Sunday, June 24, 2012

Failure of Petrichor

A woman wrote me from San Bernardino, California – how she found me I’ll never fathom; it was before the profiles of me in the popular press – and asked what I missed, “isolated as you are, millions of miles from Earth,” she said. To extend her letter, she included long lists of what she imagined I missed, from the sound of the breeze blowing through the leafy treetops to the weight of lose change in my pockets.

I banished her letter to the BLARGO BLOO where the scarecrow stands.

But long I pondered the question, even before it arrived.

What did I miss, marooned and alone on a dusty, walnut-shaped hunk of rock and ice circling the ringed planet in the solar system’s middle nethers?

Not the crowds, the cawing of crows, the rush of water either in stream or toilet; nor birdsong at dawn. Nor dawn itself.

Finally, I went back out to BLARGO BLOO, retrieved her letter, and responded:


She wrote back, said she would send me some beets.

No, I said, in response. Not beets.

Simple geosmin, C12H22O, mixed with the oils released by Artemisia tridentata.

The smell of rain blown in over the sagebrush steppe not far from the town where I was born.
Australains coined a name for it: petrichor, Greek for the stone and blood of the gods. Writers use the word, smugly, sending their readers to their dictionaries to say, “indeed, this writer is more clever than I.”

The word is wrong.

There are many smells after a rain, and I have catalogued many of them: That of cold concrete wet by summer rain and that of hot concrete wet by summer rain might both be called petrichor, but to the discerning nose, they are utterly different. Different still, the smell of rain bearing with it the resin of the sagebrush.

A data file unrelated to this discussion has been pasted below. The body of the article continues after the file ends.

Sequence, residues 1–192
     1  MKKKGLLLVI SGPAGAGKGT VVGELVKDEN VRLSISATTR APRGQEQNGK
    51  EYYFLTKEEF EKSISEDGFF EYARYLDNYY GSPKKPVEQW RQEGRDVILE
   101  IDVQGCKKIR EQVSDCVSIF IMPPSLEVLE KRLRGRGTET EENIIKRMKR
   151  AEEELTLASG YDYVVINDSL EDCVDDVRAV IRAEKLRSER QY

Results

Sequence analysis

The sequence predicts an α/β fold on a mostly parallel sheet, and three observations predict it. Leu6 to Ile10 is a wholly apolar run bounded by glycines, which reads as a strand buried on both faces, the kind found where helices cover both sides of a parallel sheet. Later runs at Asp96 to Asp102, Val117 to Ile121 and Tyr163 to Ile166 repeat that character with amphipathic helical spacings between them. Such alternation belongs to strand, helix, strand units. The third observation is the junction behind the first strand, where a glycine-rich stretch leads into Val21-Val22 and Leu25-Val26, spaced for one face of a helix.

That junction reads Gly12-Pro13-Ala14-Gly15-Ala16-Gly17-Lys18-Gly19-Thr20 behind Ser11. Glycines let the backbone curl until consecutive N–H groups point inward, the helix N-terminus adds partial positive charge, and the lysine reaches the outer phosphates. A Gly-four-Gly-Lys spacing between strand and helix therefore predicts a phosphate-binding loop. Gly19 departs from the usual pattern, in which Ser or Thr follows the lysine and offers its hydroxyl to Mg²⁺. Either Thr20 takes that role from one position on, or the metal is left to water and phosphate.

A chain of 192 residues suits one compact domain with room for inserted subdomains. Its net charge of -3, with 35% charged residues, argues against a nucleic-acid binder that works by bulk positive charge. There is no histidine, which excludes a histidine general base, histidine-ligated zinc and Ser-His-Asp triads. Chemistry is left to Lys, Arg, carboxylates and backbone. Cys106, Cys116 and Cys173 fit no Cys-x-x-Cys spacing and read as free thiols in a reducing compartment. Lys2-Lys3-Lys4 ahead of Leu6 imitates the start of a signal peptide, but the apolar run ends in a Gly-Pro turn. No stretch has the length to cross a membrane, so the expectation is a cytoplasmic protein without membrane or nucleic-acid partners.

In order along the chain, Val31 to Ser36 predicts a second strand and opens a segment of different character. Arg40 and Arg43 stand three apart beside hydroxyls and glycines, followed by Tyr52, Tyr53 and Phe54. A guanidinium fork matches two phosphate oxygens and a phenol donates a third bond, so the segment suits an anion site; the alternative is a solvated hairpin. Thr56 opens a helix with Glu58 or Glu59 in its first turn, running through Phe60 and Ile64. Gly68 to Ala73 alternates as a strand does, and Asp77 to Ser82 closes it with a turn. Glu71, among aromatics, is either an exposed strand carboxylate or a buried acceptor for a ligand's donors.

The smell of wet, warm concrete enters the nose as soft round balls, gently bouncing off the olfactory nerves, conveying the blackness of the sand grains in the concrete, they grey of the cement, the solidness of artificial stone to step on.

The smell of distant sagebrush wet by the rain bears with it the jagged lightning of summer, the wind-blown dust though the air is clear, the black tear of clouds on the horizon that never arrive yet push the odor eastward like a pleasant plague of Egypt. With it the nose is stripped of the mundane smells of the roses and the violets and is varnished and cleansed, like the palate of a Frenchman eating a delicate sorbet between courses. After the petrichor of the desert, that of sagebrush and lava rock and lichen and prickly pear and coyote scat and marmot holes and the cawing of crows that imitate ducks when they see humans about, you see the need for yet another word to describe the smell in the air after a rain.

I tried artesmichor.

But it cannot conjure the smell smelled sitting on that front porch with Dad there in his wooden shoes, staring out at the black clouds in the desert as the sun set behind them, the whirr of traffic on the highway, the hum from the overhead electrical wires, the bark of a dog, the scent of a cat marking its territory and that certain whiff of methane from the vent pipe on the septic tank.

Marcel Proust would fail to name it, fiddling as he does with his madelines.

Lewis Carroll would fail to name it, outgrabed mome raths notwithstanding.

I cannot name it. But in a letter far longer than the original from the woman from San Bernardino, I described it.

She wrote back. She did not know the smell.

But her father-in-law, who grew up on the sagebrush steppe of Sicily, knows it. And he knows no effort to bottle its essence should ever be undertaken.

“I smell it, once and a while, when I am out past Bakersfield, wandering,” he wrote in a shaky post-script to her last letter. “It makes me weep for home. I weep like a small baby. You are a cruel man to remind me of what it is I miss the most.”

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